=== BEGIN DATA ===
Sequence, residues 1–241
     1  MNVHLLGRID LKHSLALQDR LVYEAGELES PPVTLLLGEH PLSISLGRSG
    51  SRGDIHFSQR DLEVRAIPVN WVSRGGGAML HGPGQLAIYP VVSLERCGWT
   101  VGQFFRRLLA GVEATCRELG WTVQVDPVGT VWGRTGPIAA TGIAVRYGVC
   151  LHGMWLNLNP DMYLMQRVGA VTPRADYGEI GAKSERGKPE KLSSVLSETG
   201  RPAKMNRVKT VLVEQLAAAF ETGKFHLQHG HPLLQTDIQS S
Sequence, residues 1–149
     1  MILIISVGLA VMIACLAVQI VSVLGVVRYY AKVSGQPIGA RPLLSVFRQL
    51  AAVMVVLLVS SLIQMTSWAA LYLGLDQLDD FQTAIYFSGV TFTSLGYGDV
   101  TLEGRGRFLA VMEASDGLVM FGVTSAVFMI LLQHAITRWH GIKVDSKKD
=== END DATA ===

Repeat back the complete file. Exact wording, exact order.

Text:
Sequence, residues 1–241
     1  MNVHLLGRID LKHSLALQDR LVYEAGELES PPVTLLLGEH PLSISLGRSG
    51  SRGDIHFSQR DLEVRAIPVN WVSRGGGAML HGPGQLAIYP VVSLERCGWT
   101  VGQFFRRLLA GVEATCRELG WTVQVDPVGT VWGRTGPIAA TGIAVRYGVC
   151  LHGMWLNLNP DMYLMQRVGA VTPRADYGEI GAKSERGKPE KLSSVLSETG
   201  RPAKMNRVKT VLVEQLAAAF ETGKFHLQHG HPLLQTDIQS S
Sequence, residues 1–149
     1  MILIISVGLA VMIACLAVQI VSVLGVVRYY AKVSGQPIGA RPLLSVFRQL
    51  AAVMVVLLVS SLIQMTSWAA LYLGLDQLDD FQTAIYFSGV TFTSLGYGDV
   101  TLEGRGRFLA VMEASDGLVM FGVTSAVFMI LLQHAITRWH GIKVDSKKD